Last week, two posts on npr.org opened a startling window on the capacity of well tended small gardens. The first article, “Why Micro-Gardening Could Go Big,” discussed the UN’s Food and Agriculture Organization (FAO) as a large supporter of micro-gardens, defined as “intensely cultivated small spaces.” They claim that an 11 square foot garden can produce “as much as 200 tomatoes a year, 36 heads of lettuce every 60 days, 10 cabbages every 90 days, and 100 onions every 120 days.”
The post features a number of links to other sites with numerous links of their own, and it soon becomes clear that many groups and individuals are finding new ways of boosting yields. As I discussed recently (Good news on the food front), unless agriculture finds ways of keeping pace with population growth, disaster is a mathematical certainty.
These articles show that there are far more efficient configurations than traditional, single row gardens. Raised beds and containers are common features of the gardens pictured online.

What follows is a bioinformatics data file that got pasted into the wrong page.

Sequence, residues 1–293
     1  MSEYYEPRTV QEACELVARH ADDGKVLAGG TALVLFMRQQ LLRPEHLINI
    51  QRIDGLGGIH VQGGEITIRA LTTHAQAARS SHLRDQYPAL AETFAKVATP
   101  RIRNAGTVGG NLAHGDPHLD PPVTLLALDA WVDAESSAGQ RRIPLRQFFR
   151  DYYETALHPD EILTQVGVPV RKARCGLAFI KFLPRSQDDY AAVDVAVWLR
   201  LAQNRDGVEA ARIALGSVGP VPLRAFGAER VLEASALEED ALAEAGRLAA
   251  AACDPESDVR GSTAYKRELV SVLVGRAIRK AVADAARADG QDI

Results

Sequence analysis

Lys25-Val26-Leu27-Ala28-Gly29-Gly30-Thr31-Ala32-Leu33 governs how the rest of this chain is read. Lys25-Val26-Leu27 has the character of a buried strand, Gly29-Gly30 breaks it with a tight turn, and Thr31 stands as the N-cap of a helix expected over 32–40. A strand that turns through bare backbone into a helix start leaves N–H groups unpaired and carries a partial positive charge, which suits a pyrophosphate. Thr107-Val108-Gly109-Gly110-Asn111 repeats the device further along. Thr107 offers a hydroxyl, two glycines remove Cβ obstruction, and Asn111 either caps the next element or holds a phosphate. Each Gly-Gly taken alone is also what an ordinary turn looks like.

One nice thing about these photos is that they make you want to get your hands dirty! Maybe not this afternoon, with temps in the mid 90’s, but I’ve already got a spot in mind for the fall and spring. We used to have a veggie garden when we lived north of here and had more time and far better soil. With micro-gardens you don’t need large amounts of time or good soil to get started.
NPR’s second post, Micro-Garden Madness, has additional photos of places where people are growing things. Unlike the ambitious plots at the local community gardens, where you often see couples and families work long hours on weekends and evenings, the smaller gardens can work for people who spend their evenings and weekends in strange pursuits like blogging.
Phil Weiner co-founded a company that makes products aimed at micro-gardeners. “Everyone in the world should have a victory garden,” he says.
Can we even begin to imagine what such a world would be like? With these articles and photos, we can begin to envision such a transformation.